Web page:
What can the Accountant & Adviser do?
If you are trying to include trust assets in a property settlement, compile relevant documents at an early stage for your client. Get the trust deed, variations to the trust deed, tax returns and financial statements. Seek all paperwork and emails regarding how the family trust operates. These documents may show who gives instructions and makes decisions over the trust’s assets.
Binding Financial Agreements
There are 3 ways to get the Family Court off your back.
Get all your money and give it to your best friend. And then hope in years to come when the divorce is well and truly over your friend gives you back the wealth. However, your friend may die, get divorced, go bankrupt or forget who you are. You risk losing 100% of your assets – in a divorce settlement you only generally lost half your assets
- Stupid, expensive and illegal
Liquidate all your assets and gift them to a banker in a tax haven. And then when the divorce is over ask the banker if you can have the money back. You suffer massive Capital Gains Tax and you pay stamp duty again when you buy back the assets in Australia. Also, it is illegal to tell the Court or the ATO, for that matter, that you don’t have the assets. Since you are working in concert with the tax haven banker the assets are still yours.
- Binding Financial Agreements
You come together with your spouse either before, during or after the marriage and decide how you want to divide up your assets if you separate. This is legal but expensive. For ‘prenups’, co-habitation agreements, binding financial agreements, superannuation splitting agreements, see here:
Trustee Distribution Statements signed after 30 June
1. Your Family Trust has default beneficiaries. They are your two children Rob and Kevin.
2. Your son, Rob, is divorcing.
3. The evil family lawyer subpoenas your accountant, his secretary and an ex-employee of the accounting practice. And asks each of them individually in Court:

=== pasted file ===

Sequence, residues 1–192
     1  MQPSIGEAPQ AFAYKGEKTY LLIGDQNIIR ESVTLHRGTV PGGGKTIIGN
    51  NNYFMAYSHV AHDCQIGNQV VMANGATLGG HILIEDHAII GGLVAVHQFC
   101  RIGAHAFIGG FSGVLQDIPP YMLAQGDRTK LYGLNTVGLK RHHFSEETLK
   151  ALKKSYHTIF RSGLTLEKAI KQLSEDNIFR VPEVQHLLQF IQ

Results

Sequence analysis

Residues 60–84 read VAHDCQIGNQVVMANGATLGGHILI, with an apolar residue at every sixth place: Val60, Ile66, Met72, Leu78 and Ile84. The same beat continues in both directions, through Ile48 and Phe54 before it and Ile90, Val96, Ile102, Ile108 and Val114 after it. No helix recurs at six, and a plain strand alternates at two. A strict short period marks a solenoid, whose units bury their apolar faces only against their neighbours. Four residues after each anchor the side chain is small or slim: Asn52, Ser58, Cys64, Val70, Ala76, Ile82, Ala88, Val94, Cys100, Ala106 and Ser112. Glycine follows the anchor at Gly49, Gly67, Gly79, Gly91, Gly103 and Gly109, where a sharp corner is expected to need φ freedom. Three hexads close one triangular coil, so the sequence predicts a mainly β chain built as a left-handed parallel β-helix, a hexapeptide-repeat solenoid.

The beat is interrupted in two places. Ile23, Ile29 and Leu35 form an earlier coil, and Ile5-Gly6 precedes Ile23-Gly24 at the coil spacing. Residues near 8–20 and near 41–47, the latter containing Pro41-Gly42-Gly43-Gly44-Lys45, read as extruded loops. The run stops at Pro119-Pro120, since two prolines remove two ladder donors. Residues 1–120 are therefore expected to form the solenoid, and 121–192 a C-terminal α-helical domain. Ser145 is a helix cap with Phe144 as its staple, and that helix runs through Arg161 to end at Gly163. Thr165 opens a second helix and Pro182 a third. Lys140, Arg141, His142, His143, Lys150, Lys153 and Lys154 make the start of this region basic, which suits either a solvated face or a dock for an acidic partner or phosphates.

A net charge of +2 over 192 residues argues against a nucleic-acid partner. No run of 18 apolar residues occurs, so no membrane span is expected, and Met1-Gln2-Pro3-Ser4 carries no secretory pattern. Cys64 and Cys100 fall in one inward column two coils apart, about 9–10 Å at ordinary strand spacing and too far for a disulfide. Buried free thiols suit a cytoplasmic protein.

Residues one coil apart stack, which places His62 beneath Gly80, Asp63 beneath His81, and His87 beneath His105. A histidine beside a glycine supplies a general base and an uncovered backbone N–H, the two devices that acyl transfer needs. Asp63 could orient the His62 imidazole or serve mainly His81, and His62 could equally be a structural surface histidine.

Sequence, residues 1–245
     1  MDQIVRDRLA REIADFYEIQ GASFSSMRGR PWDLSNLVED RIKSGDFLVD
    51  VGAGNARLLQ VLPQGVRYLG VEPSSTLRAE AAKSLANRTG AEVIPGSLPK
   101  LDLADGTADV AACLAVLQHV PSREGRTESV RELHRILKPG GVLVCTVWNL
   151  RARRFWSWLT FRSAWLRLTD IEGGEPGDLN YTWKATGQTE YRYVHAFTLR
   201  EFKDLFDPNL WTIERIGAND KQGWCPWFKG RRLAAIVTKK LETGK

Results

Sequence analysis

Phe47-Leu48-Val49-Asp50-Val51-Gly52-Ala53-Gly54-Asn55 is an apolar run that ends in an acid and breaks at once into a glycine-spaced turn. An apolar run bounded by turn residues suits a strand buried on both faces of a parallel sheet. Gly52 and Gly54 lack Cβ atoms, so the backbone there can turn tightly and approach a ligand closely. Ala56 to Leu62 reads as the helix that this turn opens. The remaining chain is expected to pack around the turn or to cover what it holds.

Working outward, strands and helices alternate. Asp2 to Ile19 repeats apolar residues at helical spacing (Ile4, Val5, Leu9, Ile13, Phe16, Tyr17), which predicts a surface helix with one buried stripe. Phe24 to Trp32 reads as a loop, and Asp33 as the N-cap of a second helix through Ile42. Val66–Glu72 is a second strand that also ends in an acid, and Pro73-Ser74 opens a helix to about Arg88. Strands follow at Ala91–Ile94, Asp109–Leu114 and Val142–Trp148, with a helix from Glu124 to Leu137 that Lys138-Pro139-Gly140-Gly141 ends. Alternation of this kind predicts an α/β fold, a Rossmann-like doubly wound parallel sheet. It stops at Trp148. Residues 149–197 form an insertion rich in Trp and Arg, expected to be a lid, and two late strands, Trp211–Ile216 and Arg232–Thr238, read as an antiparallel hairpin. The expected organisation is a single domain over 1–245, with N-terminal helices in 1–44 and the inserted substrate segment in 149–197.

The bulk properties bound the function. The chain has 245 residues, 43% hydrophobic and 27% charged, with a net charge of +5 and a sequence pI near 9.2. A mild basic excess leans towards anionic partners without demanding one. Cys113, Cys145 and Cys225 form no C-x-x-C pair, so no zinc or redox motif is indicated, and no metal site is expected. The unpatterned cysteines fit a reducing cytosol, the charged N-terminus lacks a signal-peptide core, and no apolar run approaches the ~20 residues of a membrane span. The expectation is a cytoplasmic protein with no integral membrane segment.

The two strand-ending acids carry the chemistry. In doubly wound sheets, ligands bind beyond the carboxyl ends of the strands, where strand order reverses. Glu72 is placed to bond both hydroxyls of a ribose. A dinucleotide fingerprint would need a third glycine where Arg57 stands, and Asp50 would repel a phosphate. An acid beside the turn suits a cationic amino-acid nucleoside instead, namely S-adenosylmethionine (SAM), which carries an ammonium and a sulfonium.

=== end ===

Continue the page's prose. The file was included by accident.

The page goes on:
‘Have you seen or heard of anyone in your office or a client backdating a Trust Distribution Minute and before you answer, if you lie under oath I will ask the Judge to issue a Bench Warrant so that you are arrested for perjury?’.
4. Every year that the Trust Distribution Minute was signed after the 30 June means that the income, for that year, belongs to your divorcing son, Rob.
5. The evil family lawyer asks for half the assets in your Family Trust to go to your ex-daughter in law.
Your business clients often have complex structures to reduce tax and provide asset protection. This adds complexity in a divorce. Accountants and advisers are best placed to dissect and clarify where the assets are. They know the client. The accountant and adviser have the financial training and skills.
The assets held in a Family Trust are not automatically the property of the marriage. However, family law legislation can easily make the trust assets “property of the marriage” for a relationship breakdown. Is the trust’s assets part of the property of the marriage? It depends on whether the trust is the alter ego of the spouse – or someone outside the marriage.
Adjunct Professor, Dr Brett Davies, CTA, AIAMA, BJuris, LLB, LLM, MBA, SJD
National taxation partner